In type 2 diabetics, insulin fails to suppress blood sugar production by the liver while paradoxically allowing the production of hepatic triglycerides. This combination results in multiple health risks, including high blood sugar and fatty liver disease. For years, to gain insight into this phenomenon, researchers focused on the role of altered insulin action in the liver in the production of triglycerides. However, Yale researchers tested a theory that triglycerides formed in the liver were more dependent on the delivery of fatty acids to the liver than on insulin action.
In their study, the Yale team — led by Gerald I. Shulman, the George R. Cowgill professor of medicine and cellular & molecular physiology — developed a novel method to measure the rate of triglyceride production from fatty acids in three types of animals: normal rats, insulin-resistant rats fed a high-fat diet, and rats with genetically modified insulin receptors. They found that in all of the animals tested increased triglyceride production was primarily dependent on fatty acid delivery and not on insulin action in the liver.
The findings also explain the long-standing paradox of why insulin therapy does not exacerbate, but instead reduces, fatty liver disease in patients with type 2 diabetes. “These results provide new insights into the pathogenesis of non-alcoholic liver disease and provides new approaches to treat fatty liver disease, which is now the most common liver disease in the world,” said Shulman.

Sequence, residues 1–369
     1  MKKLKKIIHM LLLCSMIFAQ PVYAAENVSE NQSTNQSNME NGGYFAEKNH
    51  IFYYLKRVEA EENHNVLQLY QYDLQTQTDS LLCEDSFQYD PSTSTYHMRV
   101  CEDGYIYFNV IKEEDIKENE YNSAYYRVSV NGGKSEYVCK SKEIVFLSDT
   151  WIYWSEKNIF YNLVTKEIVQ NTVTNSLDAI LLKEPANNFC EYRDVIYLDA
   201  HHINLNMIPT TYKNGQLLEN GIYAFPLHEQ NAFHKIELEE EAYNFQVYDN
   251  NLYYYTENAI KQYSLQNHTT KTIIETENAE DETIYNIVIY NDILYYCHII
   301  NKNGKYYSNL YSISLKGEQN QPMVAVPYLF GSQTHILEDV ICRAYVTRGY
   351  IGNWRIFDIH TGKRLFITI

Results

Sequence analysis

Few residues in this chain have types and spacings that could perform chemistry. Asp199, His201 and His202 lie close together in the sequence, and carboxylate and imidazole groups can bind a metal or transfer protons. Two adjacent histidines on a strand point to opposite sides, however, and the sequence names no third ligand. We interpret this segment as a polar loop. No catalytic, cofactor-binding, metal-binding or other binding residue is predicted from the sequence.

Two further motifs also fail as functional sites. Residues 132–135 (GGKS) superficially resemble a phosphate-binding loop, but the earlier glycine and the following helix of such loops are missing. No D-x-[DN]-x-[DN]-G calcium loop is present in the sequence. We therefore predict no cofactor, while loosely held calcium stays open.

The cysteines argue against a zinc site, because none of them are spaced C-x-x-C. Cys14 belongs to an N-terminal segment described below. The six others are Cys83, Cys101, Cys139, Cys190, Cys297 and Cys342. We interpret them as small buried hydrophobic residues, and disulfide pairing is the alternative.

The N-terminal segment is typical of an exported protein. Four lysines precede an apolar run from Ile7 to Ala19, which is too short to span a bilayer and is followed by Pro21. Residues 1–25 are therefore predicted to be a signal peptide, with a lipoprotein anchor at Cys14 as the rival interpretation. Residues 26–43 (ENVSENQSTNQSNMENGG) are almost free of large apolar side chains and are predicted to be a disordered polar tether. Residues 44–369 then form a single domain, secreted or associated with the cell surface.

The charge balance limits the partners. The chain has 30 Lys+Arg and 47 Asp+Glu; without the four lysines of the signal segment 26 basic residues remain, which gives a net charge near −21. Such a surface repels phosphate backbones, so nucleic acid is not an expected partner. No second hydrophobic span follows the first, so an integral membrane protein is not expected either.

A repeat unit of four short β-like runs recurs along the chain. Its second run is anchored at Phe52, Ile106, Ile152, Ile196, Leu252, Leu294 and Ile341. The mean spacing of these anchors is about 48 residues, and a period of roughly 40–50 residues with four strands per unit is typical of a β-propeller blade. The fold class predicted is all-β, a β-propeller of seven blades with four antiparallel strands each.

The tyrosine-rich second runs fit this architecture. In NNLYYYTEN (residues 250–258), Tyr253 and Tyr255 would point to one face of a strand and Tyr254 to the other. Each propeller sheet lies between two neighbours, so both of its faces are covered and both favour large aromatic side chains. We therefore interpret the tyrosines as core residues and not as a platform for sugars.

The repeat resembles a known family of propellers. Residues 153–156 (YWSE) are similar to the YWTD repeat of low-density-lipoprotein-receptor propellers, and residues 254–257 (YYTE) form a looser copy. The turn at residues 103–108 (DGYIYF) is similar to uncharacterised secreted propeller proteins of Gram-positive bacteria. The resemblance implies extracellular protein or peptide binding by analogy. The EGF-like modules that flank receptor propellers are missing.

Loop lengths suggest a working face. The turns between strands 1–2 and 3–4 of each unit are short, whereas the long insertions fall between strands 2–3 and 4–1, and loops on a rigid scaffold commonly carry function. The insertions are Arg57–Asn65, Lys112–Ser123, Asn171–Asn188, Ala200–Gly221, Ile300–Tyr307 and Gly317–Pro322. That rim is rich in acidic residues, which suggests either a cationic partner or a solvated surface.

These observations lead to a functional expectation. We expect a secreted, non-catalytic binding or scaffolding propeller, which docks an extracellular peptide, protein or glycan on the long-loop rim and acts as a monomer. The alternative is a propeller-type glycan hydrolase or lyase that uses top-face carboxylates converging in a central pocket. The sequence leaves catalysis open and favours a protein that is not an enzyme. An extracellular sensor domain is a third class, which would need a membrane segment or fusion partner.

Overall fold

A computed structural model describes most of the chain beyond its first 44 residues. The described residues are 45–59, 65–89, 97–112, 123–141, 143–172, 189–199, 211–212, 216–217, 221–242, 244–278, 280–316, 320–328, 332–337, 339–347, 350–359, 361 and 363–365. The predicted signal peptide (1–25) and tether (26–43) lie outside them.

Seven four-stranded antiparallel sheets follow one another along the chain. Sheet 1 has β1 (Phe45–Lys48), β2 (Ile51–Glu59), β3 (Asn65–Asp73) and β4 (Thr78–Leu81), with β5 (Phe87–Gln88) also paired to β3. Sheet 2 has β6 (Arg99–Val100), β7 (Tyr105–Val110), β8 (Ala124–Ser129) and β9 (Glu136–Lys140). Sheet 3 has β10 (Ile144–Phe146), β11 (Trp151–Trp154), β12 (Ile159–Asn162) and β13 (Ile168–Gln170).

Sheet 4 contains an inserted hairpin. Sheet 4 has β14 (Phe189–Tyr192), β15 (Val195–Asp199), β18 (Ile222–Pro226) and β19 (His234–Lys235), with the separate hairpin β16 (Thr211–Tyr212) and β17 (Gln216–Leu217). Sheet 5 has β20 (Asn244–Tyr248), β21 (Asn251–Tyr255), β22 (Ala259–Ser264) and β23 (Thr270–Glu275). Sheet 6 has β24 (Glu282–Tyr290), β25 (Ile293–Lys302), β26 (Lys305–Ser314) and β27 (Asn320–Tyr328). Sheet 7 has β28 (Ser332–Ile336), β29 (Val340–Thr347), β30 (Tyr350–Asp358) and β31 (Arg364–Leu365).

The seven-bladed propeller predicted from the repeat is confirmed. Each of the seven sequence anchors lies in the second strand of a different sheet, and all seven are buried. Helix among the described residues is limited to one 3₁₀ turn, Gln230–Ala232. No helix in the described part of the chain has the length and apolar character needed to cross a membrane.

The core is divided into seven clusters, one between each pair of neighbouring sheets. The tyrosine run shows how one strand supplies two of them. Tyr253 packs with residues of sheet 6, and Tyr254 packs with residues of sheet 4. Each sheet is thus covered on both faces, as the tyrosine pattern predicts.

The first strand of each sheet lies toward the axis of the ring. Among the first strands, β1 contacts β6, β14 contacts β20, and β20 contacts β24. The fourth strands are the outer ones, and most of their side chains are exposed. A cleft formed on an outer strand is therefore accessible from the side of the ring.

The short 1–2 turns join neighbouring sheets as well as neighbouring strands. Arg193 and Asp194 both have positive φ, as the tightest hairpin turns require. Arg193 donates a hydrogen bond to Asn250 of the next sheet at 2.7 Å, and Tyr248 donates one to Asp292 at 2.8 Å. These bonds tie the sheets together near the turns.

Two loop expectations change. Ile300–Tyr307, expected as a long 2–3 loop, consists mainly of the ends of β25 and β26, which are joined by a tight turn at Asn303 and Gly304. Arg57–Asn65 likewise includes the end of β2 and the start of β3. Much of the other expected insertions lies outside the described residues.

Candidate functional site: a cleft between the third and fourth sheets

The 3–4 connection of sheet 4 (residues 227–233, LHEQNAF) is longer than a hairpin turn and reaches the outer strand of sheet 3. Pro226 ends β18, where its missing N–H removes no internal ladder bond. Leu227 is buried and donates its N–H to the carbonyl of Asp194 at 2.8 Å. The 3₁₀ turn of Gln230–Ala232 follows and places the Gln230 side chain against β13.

Shulman and his team plan to apply similar methodology to translate their findings to insulin-resistant patients with type 2 diabetes, hyperlipidemia, and fatty liver disease.
The study was published online in the Proceedings of the National Academy of Sciences.
Other Yale authors include Daniel F. Vatner, Sachin K. Majumdar Naoki Kumashiro, Max C. Petersen, Yasmeen Rahimi, Arijeet K. Gattu, Mitchell Bears, João-Paulo G. Camporez, Gary W. Cline, Michael J. Jurczak, and Varman T. Samuel.
This work was partially funded by the Yale Clinical and Translational Science Award (CTSA) grant from the National Center for Advancing Translational Sciences (NCATS) at the National Institutes of Health. It was also supported by U.S. Public Health Service Grants R01 DK-40936, R24 DK-085836, T32 DK-007058, U24 DK-59635, and P30 DK-45735, an American Diabetes Association Mentor-Based Postdoctoral Fellowship award, and the Novo Nordisk Foundation Center for Basic Metabolic Research.